When a high-net-worth taxpayer wants to formally expatriate, chances are they will be considered a covered expatriate. If they are considered a covered expatriate, then they may have an exit tax at the time of renouncing their U.S. citizenship or relinquishing their lawful permanent residency status. While many taxpayers know about the mark-to-market gains and exclusions when exiting, there are various other categories of income that may become subject to exit tax as well, including:

      • Ineligible Deferred Compensation

      • Specified Tax Deferred Accounts

      • Trust Ownership

      • Covered Gifts And Bequests

      • Eligible Deferred Compensation (such as 401K has a post exit tax implication in that taxpayer will generally be taxed at a 30% tax rate with no ability to reduce withholding based on treaty).

Does the HNW Individual Own a Foreign Company?

Assuming that the high-net-worth American does not formally renounce their U.S. citizenship, if they own companies overseas as a U.S. person and U.S.  persons in general own more than 50% of the company, then the company is considered a Controlled Foreign Corporation (or may alternatively qualify as an SFC). If the company is a Controlled Foreign Corporation (CFC), then the taxpayer has an annual filing requirement on Form 5471 — which is a very complicated and in-depth form. In addition, there are various IRS tax rules that high-net-worth Americans living overseas with foreign business/investments will have to contend with, including:

      • CFC

      • PFIC

      • Subpart F

      • GILTI

Does the Taxpayer Have Foreign Accounts?

Presumably, once the American moves overseas, they will want to move some of their assets, accounts, and investments into foreign institutions. As a result, the Taxpayer may now be required to meet various international information reporting requirements each year on a myriad of different forms. The failure to follow these forms can result in significant fines and penalties, so in essence, by moving overseas and investing assets abroad as a high-net-worth individual they may have inadvertently made their annual reporting much more complicated than it was before. Some of the more common international information reporting forms include:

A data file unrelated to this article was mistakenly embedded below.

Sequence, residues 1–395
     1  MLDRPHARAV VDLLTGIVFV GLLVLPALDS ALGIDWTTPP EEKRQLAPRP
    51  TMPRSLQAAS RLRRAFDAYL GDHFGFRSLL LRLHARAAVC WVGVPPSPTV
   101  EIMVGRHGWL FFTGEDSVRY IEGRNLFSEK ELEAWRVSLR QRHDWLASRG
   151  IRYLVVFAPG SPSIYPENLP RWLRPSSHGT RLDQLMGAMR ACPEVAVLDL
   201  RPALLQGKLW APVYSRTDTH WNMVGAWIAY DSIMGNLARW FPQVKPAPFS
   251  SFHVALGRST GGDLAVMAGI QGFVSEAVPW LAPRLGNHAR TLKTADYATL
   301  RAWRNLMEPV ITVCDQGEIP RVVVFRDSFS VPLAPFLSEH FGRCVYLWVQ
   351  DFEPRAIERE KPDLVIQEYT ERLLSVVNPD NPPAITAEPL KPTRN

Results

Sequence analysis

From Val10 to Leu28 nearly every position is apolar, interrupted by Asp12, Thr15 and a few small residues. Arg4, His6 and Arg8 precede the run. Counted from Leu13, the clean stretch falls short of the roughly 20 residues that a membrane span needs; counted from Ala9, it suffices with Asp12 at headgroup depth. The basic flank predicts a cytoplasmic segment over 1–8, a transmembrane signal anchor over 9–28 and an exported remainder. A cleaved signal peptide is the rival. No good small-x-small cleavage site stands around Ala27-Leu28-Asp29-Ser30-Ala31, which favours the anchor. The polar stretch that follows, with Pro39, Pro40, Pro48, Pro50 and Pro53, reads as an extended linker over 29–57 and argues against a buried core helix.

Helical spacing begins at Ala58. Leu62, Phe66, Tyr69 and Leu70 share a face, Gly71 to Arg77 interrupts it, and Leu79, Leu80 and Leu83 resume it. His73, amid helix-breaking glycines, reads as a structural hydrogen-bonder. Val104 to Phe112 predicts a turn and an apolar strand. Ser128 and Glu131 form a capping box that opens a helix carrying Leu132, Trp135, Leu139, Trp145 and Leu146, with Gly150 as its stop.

• FBAR

      • FATCA Form 8938

      • Form 3520

      • Form 3520-A

      • Form 5471

      • Form 8621

      • Form 8865

Closing a U.S. Business and Re-Launching Abroad

Notwithstanding the Controlled Foreign Corporation rules identified above, some taxpayers will consider shutting down their company in the United States, and then relaunching the company overseas. Depending on the specific company, assets, and business operations — this may be considered a corporate inversion, which may result in a significant tax implication at the time of the corporate inversion. For high-net-worth Americans who are moving overseas in order to relaunch or move their business abroad, they will want to consider different strategies ss

      • whether they should formally renounce their citizenship or not,

      • should they move the entire company overseas or just a portion,

      • Whether their income will be generated from the United States or abroad, and

      • What their tax implication will be in the country where they are relaunching their business (and will it be in the same country that they claim foreign residence).

Plan Properly and Take the Necessary Precautions

For high-net-worth Americans, it is important to properly evaluate the different strategies and options when moving overseas before doing so. Typically, taxpayers must formally expatriate in order to escape the clutches of the US tax system, but doing so may come with its own set of taxes and headaches so it is important to work with experienced professionals to develop and execute a plan of action.

Interested in Expatriation from the U.S.?

Our firm specializes exclusively in offshore disclosure and expatriation.

Contact our firm today for assistance.